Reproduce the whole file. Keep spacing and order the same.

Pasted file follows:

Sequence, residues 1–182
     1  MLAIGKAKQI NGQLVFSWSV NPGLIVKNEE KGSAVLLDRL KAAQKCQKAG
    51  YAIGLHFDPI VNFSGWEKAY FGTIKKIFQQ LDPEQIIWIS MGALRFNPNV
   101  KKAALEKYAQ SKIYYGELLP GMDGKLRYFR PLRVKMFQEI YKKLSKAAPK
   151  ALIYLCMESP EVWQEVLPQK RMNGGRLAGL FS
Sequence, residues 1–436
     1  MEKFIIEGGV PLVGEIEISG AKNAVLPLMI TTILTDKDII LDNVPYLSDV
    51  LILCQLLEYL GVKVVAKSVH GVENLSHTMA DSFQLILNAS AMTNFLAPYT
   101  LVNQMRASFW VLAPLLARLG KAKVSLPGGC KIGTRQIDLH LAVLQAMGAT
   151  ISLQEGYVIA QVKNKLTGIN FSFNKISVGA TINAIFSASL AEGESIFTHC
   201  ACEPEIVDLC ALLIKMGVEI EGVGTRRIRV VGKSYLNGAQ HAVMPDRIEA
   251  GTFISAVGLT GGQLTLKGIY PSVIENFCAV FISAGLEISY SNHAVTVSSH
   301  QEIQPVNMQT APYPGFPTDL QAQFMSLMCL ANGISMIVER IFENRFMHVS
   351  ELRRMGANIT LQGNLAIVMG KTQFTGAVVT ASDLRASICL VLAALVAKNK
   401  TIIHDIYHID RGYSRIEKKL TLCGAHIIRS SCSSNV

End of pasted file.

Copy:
Sequence, residues 1–182
     1  MLAIGKAKQI NGQLVFSWSV NPGLIVKNEE KGSAVLLDRL KAAQKCQKAG
    51  YAIGLHFDPI VNFSGWEKAY FGTIKKIFQQ LDPEQIIWIS MGALRFNPNV
   101  KKAALEKYAQ SKIYYGELLP GMDGKLRYFR PLRVKMFQEI YKKLSKAAPK
   151  ALIYLCMESP EVWQEVLPQK RMNGGRLAGL FS
Sequence, residues 1–436
     1  MEKFIIEGGV PLVGEIEISG AKNAVLPLMI TTILTDKDII LDNVPYLSDV
    51  LILCQLLEYL GVKVVAKSVH GVENLSHTMA DSFQLILNAS AMTNFLAPYT
   101  LVNQMRASFW VLAPLLARLG KAKVSLPGGC KIGTRQIDLH LAVLQAMGAT
   151  ISLQEGYVIA QVKNKLTGIN FSFNKISVGA TINAIFSASL AEGESIFTHC
   201  ACEPEIVDLC ALLIKMGVEI EGVGTRRIRV VGKSYLNGAQ HAVMPDRIEA
   251  GTFISAVGLT GGQLTLKGIY PSVIENFCAV FISAGLEISY SNHAVTVSSH
   301  QEIQPVNMQT APYPGFPTDL QAQFMSLMCL ANGISMIVER IFENRFMHVS
   351  ELRRMGANIT LQGNLAIVMG KTQFTGAVVT ASDLRASICL VLAALVAKNK
   401  TIIHDIYHID RGYSRIEKKL TLCGAHIIRS SCSSNV